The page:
Peter Hibberd, M.D., is a doctor whose advice is based on more than 28 years of hospital outpatient and inpatient experience and a medical advice columnist for Newsmax Magazine. He is an experienced emergency medicine physician, surgeon, and consultant. He is certified by the American Board of Emergency Medicine. He is also a fellow and active member of the American Academy of Family Physicians, an active member of the American College of Emergency Physicians, and a member and fellow of the American Academy of Emergency Medicine. Dr. Hibberd has earned numerous national and international professional certifications, memberships, and awards.

Is My Cholesterol Too High?

Wednesday, 21 Aug 2013 10:00 AM

By Peter Hibberd, M.D.

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Question: My total cholesterol is 225 (LDL is 139 and my HDL is 61). Is this too high? I don’t want to take a statin.
 
Dr. Hibberd’s answer:
 
Yes, your total cholesterol is over the recommended 200 limit. A normal LDL ("bad cholesterol") should be 130 or less. A normal HDL ("good cholesterol") should be over 60, and since this is protective against heart disease, the higher the better. Do not forget to factor in your triglycerides with your risk evaluation also, as these are an independent risk for vascular disease.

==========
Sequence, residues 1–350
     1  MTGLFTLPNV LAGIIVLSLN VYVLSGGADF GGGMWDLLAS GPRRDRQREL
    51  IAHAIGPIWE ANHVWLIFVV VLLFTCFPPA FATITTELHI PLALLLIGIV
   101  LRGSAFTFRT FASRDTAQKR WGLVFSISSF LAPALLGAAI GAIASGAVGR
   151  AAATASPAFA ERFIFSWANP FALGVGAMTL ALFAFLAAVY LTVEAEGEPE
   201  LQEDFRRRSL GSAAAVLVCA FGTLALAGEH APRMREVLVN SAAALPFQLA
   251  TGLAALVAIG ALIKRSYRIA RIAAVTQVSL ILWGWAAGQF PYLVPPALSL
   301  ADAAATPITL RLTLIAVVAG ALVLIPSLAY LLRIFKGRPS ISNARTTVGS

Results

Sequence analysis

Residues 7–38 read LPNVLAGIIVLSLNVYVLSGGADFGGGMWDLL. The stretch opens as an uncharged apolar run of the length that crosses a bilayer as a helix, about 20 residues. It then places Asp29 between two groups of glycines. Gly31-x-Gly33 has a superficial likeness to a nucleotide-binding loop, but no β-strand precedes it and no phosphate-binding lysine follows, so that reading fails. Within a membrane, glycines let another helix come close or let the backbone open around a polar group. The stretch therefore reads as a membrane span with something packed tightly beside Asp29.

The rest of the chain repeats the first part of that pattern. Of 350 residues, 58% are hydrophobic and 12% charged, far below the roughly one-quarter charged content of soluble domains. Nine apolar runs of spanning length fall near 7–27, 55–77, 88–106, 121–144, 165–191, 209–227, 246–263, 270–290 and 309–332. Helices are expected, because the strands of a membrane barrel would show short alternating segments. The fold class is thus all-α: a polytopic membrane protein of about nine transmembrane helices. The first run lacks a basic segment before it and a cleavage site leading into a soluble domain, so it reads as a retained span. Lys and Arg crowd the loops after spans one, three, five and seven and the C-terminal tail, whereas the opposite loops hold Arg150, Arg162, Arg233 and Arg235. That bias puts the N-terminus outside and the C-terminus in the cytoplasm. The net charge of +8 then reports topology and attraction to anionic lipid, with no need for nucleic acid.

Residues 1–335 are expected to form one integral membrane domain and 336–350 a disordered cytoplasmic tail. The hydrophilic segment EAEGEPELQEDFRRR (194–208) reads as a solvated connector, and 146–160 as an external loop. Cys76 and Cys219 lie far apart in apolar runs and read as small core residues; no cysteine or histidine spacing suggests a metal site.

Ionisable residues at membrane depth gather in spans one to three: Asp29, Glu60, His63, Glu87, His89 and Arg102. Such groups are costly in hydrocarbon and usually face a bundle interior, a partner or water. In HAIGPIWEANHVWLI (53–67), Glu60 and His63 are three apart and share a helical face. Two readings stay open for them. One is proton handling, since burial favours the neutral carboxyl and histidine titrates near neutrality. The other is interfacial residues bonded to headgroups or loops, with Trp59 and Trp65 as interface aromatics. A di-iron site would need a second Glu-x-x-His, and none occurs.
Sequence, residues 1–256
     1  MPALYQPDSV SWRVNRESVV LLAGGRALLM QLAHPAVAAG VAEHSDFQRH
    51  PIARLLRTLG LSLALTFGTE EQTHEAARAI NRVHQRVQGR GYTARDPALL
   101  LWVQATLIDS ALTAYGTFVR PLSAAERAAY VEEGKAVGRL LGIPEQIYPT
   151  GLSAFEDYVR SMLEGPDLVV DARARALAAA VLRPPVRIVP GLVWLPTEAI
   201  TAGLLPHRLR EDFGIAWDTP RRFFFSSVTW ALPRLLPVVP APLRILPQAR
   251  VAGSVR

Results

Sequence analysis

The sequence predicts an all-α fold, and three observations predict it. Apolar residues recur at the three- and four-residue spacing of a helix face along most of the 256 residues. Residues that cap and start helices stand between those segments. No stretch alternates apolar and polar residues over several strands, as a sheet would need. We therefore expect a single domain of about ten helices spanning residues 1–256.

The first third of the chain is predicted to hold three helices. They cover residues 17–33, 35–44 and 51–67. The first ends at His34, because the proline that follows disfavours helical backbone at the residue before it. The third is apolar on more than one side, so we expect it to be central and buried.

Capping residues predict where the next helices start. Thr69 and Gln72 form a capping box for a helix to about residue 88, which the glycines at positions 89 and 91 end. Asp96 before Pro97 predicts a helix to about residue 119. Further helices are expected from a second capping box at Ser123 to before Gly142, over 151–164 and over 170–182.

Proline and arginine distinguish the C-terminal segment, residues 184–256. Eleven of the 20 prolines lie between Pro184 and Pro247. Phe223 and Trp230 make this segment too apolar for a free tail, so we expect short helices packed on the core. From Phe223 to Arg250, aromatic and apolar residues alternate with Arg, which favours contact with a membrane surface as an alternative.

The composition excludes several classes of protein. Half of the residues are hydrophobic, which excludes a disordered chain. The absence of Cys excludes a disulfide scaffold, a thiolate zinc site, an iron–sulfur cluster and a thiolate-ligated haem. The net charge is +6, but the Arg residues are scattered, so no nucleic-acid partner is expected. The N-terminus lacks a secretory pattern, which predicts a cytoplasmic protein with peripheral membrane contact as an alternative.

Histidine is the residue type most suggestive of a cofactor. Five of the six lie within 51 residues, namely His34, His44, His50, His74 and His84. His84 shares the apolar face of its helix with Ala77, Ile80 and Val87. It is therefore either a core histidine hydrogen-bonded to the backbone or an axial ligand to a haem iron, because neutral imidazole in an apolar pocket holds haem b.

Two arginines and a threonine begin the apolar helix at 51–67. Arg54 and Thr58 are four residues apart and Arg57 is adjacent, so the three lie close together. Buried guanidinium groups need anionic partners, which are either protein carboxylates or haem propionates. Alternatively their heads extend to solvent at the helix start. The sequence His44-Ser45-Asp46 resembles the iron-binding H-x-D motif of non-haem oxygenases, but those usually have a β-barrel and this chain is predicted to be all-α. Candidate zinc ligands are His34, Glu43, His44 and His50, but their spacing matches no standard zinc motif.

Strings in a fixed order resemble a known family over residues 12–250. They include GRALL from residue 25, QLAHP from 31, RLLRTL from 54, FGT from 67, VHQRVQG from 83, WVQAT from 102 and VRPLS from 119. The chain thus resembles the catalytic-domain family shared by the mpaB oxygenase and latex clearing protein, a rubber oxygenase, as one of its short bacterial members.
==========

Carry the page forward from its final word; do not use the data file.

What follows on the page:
But your cholesterol total is not unacceptably high for a healthy person, so you are probably not a candidate for statin treatment. But if you have diabetes, or other risk factors for vascular disease or heart disease (hypertension, smoking, obesity, family history or past history of heart disease, stroke, elevated triglycerides, or syndrome X), then these figures may not be acceptable.
 
For instance, diabetics are advised to have their LDL as close to 80 as possible, and certainly less than 100. Similar targets are set for others with significant risk factors, and it is very hard for some to reach these targets comfortably and safely without the use of a statin drug such as Crestor (my current favorite). For your information, most physicians set their own targets for LDL of less than 100. Discuss this further with your physician, and if you have any doubts, request a cardiology consultation for a second opinion.

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